• wahoogrl08wahoogrl08 Registered User Posts: 419 Member
    A note about books...

    Aside from the Main Grounds bookstore, there is also the student bookstore on the Corner. Sometimes they may have used copies of books or generally lower prices than the Main Bookstore. Always try and shop a place like Half.com though if you have the time.

    Also, at some point or another, you will meet the "Course Packet". Many times professors will only want to use an essay or an excerpt of a book and will have the copies bound together so as to *try* and save you some money. There are two locations on Elliewood Ave. (on the Corner, near Mincer's) that produce course packets. However, be sure that you are going to stay in the course or that you know someone who will buy the packet off of you, as they are non-refundable.
  • db123db123 Registered User Posts: 736 Member
    5. Books

    To add to what wahoogirl said. The UVa Bookstore, for the most part, sells at MSRP, You really won't save anything. Definitely check Amazon. Also, before the class starts and a few weeks after, you'll be getting e-mails from students who want to sell their books. Generally, they'll be cheap. I bought all my books new first semester, and I looked back and it made no sense. Buy used. You'll save a lot of money. Also check hoohasit.com and uloop.com Students will be trying to sell their books. You may also get some advice from them. And some may offer to give you their notes for the class (I got a set for my PLIR class this past spring.)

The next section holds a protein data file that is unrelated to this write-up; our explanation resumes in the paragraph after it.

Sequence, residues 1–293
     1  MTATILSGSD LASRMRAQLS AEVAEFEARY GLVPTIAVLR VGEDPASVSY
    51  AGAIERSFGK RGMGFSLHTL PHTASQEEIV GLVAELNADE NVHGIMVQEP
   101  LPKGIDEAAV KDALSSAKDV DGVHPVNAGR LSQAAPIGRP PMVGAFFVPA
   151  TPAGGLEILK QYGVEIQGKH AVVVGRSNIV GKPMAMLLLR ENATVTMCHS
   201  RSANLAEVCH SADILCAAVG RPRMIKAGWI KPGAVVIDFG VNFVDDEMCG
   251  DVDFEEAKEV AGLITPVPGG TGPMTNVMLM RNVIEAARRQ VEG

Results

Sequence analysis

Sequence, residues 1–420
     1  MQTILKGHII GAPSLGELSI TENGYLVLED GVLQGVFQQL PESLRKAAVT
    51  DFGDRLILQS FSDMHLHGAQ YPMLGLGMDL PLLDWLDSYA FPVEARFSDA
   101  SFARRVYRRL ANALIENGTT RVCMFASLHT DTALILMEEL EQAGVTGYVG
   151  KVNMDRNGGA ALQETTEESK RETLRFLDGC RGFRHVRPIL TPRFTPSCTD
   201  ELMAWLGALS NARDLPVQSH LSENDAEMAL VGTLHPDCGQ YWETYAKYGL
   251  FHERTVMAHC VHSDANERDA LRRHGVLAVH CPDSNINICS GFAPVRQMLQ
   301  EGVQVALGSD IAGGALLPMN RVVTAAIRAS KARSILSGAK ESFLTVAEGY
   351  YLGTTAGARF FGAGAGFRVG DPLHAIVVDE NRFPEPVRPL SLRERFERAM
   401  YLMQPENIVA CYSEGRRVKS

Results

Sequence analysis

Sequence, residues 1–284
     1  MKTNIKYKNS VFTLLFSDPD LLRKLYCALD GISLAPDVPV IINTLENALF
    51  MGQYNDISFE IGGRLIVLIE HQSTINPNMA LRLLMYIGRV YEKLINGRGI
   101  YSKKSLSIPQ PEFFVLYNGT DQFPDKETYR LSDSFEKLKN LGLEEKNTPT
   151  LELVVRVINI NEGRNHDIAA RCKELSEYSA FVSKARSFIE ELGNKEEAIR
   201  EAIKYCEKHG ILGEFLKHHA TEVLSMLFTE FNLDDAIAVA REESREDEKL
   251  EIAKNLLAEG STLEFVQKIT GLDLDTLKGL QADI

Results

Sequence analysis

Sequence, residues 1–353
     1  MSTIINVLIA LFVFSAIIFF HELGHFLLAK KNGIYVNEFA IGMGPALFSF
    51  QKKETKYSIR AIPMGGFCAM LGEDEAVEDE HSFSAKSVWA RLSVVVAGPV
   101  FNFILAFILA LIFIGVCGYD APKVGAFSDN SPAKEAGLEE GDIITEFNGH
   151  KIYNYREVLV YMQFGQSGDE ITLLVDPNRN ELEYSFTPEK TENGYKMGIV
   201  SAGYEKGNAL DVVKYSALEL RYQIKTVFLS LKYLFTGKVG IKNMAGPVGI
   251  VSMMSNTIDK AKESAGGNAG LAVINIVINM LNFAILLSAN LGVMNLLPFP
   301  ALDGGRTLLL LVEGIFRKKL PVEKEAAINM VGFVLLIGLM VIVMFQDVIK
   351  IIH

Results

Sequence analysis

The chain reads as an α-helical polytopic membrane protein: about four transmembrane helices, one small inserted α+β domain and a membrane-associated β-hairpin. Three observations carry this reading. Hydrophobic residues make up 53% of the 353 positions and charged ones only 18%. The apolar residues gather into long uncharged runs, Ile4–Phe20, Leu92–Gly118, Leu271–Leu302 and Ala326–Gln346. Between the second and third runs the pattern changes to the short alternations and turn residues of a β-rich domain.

Course Packet: If you just read and don't annotate, see if you know someone else in the class. Offer to split the cost 50/50 and if they agree, you both can use it for half the price. I did that with my hallmate who was taking the same PLIR class as me.
  • wahoogrl08wahoogrl08 Registered User Posts: 419 Member
    Oh! And another point about the Libraries

    You can rent/borrow movies from the Robertson Media Center in Clemons. They have relatively popular/recent things. I know someone who got all the seasons of Sex and the City.
  • canuck01canuck01 Registered User Posts: 528 Member
    To add:

    1. Busses
    They're generally good, on schedule, and make getting around easier. db posted the phone number to tell you when they're coming, but if you use a crackberry or iPhone bookmark this site U.Va. Mobile / Search, and then you just type in the stop number. Also, if you're coming home late from a fraternity party, or wherever, yellow cab is cheap (under $10 from far away houses on Grady to new dorms) and gets you back safe and sound. Plus if you don't have any cash on you, they can bill it to your student account.